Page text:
This suggestion leads to a comparison between the experiences of domestic dogs and their natural-living ancestors. Under the open sky of the wild the wolf puppy would naturally be exposed to a gradually increasing range of threats and needs that wean it from dependency on its mother and pack mates. Hunting and pack dynamics are a tough school for learning that there are continuously changing challenges. The consequences are significant and require finely tuned behaviour for success. The domestic dog, however, typically has abrupt changes in environment at weaning, but then very little need for independent action in social interaction, feeding, sheltering, predation, sexual competition or territorial defence. Shouldn’t we therefore expect it be dependent? And isn’t dependency fundamental to the act of caring? This domestication dependency theory has its attractions and can be extended by the next suggestion, which is based on the observation that in domestication we have favoured dogs as companions that remain juvenile in behaviour and appearance for as long as possible.
Juvenile play and dependency are particularly attractive, as is the juvenile face that appears flattened because of the domed forehead and shortened nose. Who can resist that puppy appearance? It has been suggested that this immaturity increases the likelihood under duress of care-seeking, whining or yelping, mouthing things and loss of bowel or bladder control. In other words, the adult dog with separation distress readily reverts to being a puppy.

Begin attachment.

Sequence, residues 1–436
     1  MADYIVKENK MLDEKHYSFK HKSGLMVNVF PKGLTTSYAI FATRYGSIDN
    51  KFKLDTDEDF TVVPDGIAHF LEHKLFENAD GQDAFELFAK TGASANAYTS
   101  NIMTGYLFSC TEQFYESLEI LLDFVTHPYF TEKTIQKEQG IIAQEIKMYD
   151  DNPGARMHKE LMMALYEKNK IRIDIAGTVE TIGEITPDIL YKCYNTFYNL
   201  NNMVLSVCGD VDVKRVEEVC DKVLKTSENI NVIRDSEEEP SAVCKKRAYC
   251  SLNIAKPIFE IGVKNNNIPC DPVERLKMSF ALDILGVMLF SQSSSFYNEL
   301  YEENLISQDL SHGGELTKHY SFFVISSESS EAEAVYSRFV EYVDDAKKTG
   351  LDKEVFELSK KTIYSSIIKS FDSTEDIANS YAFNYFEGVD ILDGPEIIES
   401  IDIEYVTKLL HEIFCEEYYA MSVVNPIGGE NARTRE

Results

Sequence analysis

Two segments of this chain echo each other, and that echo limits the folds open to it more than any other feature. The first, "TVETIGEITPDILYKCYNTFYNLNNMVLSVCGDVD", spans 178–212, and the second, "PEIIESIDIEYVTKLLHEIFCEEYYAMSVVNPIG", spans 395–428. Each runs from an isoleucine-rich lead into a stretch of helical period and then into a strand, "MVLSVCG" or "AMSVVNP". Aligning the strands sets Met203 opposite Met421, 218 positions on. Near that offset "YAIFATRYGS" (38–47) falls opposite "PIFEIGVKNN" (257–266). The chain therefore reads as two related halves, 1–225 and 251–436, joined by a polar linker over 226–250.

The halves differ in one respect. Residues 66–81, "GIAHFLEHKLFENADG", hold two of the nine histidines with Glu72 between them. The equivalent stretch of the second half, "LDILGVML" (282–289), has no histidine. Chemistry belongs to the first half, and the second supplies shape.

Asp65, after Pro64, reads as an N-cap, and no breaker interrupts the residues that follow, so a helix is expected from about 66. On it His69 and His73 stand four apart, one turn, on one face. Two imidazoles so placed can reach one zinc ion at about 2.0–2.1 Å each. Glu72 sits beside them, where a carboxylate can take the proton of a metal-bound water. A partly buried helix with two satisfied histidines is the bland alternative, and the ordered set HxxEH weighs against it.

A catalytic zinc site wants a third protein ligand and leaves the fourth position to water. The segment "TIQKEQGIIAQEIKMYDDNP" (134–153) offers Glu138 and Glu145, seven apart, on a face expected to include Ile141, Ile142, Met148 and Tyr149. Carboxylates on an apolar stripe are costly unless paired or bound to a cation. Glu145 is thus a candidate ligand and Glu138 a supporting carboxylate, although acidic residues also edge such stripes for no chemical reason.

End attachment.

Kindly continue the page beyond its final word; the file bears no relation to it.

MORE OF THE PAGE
Some experimental work on the stress of being isolated in familiar or unfamiliar areas with or without canine or human companionship provides another important insight. The stress of being isolated in an unfamiliar area is more greatly reduced when a dog has a human companion than when it has a canine companion. That ties in nicely with the ‘dogs are tarts’ remark. It is also consistent with another frequent behaviour. The trigger for the onset or sudden increase in severity of separation distress is often when the carer first leaves the dog alone after moving house.
So what can we extract from all this compulsive hypothesising? While different theories may help explain the different nature of each case of separation distress, there is certainly no ‘single theory for everything’. We can at least say that dogs have individual personalities based on genetic differences that have been modified by a variety of experiences, which are expressed in unique environments. Therefore each dog needs to be assessed and treated as an individual.
Although we may not always understand the causes, we can still treat the symptoms if the need arises. We can modify social and physical environments, carry out simple acts of deception, use medication, perform desensitisation and independence training and generally relax dogs by keeping them busier. (Next issue, we’ll look at the treatments available.) It may not always be rational veterinary medicine but we do have a range of strategies that have helped many dogs, their carers and neighbours. What would be really helpful is to have a coherent model for the problem. Then we could start talking about the best cure of all: prevention.
This man–dog thing has been going for about 113,000 years. It is incredible that we have such a poor understanding of the dynamics of this relationship. It sounds like marriage to me. But what would I know? I am just a mere male.
Dr Robert Holmes is a leading animal behaviourist with unique insight into the psychology of animals. A gentleman and a scholar, he can be found at http://animalbehaviour.com/